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L.L. Kusner, S. Mohr; Nuclear Translocation of Glyceraldehyde-3-Phosphate Dehydrogenase, a Role in High Glucose-Induced Apoptosis of Retinal Müller Cells . Invest. Ophthalmol. Vis. Sci. 2003;44(13):3874.
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© ARVO (1962-2015); The Authors (2016-present)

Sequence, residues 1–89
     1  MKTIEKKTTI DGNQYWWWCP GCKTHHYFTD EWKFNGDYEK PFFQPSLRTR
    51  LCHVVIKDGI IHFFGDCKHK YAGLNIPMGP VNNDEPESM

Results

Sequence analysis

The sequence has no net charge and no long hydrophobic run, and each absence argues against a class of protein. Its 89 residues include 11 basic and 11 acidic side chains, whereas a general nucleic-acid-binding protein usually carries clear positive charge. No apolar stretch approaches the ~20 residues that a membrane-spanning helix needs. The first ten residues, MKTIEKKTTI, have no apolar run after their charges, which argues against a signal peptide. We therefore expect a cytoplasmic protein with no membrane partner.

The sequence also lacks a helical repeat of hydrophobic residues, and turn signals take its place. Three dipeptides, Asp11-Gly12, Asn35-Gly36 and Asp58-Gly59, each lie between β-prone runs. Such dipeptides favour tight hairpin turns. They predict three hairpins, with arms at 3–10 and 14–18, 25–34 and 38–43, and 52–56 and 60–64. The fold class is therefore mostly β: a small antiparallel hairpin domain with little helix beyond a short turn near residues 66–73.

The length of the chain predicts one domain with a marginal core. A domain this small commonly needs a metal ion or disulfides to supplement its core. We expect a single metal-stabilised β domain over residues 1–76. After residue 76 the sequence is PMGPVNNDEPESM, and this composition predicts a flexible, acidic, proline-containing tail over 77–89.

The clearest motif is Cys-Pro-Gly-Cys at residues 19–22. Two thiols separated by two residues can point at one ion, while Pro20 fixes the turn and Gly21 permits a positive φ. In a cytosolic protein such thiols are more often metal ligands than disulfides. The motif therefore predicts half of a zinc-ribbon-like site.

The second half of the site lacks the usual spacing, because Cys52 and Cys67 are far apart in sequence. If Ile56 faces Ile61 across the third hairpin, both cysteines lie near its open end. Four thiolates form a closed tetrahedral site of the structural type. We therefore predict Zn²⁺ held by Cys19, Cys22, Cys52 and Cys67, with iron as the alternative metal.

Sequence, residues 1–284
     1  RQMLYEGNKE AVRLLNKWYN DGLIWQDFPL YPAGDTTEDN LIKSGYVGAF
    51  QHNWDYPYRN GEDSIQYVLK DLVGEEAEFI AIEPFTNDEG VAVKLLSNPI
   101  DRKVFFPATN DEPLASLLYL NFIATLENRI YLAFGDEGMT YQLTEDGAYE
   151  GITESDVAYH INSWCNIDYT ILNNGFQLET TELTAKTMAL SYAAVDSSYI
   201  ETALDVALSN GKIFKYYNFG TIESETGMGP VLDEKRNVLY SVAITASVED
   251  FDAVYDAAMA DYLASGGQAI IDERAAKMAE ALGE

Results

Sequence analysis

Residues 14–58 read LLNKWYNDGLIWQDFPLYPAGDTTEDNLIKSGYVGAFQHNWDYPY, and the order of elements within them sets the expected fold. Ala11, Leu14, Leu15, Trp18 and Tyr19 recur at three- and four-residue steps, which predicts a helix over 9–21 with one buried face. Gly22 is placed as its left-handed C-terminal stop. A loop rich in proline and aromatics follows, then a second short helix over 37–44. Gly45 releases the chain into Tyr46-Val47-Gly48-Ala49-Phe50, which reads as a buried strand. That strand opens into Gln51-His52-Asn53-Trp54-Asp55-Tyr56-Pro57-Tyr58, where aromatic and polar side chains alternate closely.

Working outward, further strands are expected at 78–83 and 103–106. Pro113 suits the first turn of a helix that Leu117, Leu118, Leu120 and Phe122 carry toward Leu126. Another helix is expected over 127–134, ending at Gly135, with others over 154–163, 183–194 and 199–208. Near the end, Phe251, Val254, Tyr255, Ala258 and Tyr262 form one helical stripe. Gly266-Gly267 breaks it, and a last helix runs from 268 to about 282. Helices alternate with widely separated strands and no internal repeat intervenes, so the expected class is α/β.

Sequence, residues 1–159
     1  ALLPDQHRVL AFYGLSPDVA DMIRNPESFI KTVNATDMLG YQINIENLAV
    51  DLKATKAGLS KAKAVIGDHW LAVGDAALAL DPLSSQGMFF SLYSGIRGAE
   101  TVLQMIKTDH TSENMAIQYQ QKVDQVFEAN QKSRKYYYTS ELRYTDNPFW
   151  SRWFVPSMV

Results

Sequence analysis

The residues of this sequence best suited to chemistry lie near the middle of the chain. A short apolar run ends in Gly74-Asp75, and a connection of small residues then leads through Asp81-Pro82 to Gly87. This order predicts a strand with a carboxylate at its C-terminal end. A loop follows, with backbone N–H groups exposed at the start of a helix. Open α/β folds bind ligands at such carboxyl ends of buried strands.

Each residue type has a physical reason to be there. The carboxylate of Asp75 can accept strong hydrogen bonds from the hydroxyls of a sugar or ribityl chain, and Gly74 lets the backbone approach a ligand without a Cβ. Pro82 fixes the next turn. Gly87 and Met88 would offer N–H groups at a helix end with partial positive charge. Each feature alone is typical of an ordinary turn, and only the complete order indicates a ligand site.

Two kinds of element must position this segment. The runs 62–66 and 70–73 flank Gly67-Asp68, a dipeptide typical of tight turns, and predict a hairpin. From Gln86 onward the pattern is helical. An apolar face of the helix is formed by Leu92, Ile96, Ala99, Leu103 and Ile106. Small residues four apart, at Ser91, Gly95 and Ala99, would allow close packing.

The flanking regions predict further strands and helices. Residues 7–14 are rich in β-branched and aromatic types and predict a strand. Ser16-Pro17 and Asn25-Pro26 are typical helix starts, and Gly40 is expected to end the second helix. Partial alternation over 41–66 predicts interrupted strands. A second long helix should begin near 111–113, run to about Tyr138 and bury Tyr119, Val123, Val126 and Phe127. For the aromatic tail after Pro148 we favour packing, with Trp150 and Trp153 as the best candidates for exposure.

Purpose: Several studies have shown that cells of the retina and its microvasculature die at an accelerated rate in diabetic retinopathy. We have recently demonstrated that Müller cells undergo hyperglycemia- induced apoptosis in vitro. Glyceraldehyde-3-phosphate dehydrogenase (GAPDH), a key enzyme in glycolysis, has been recently associated with the induction of apoptosis in neuronal cells by translocation of the protein to the nucleus. R-(-)-deprenyl, a monoamine oxidase-B inhibitor, has been found to prevent nuclear translocation of GAPDH in neuronal cells and subsequent apoptosis. This study focused on hyperglycemia-induced GAPDH nuclear translocation and the effect of R-(-)-deprenyl on the high glucose-induced translocation and apoptosis in Müller cells. Methods: Transformed rat Müller cells (rMC-1) were cultured in low glucose (5mM), high glucose (25mM) and high glucose plus R-(-)-deprenyl (1nM) for up to 5 days. Subcellular distribution of GAPDH was determined by western blots of fractioned cell lysates and immunohistochemistry of cultured rMC-1 cells using an antibody to GAPDH. Apoptotic events were determined by annexin-V staining, bax expression and measurement of caspase activities. Results: GAPDH translocated to the nucleus from the cytosol within the first 48 hours of high glucose treatment of rMC-1 cells, whereas, GAPDH remained cytosolic in low glucose environment. The addition of R-(-)-deprenyl reduced the level of high glucose induced nuclear GAPDH as observed in both western blots and immunohistochemistry. In addition, R-(-)-deprenyl reduced the activation of caspases, bax expression and apoptosis in rMC-1 cells. Conclusions: Hyperglycemia results in the nuclear translocation of GAPDH and apoptosis in Müller cells. All of these glucose-induced abnormalities were inhibited by R-(-)-deprenyl. R-(-)-deprenyl might represent a new therapeutic strategy in the prevention of diabetic retinopathy.
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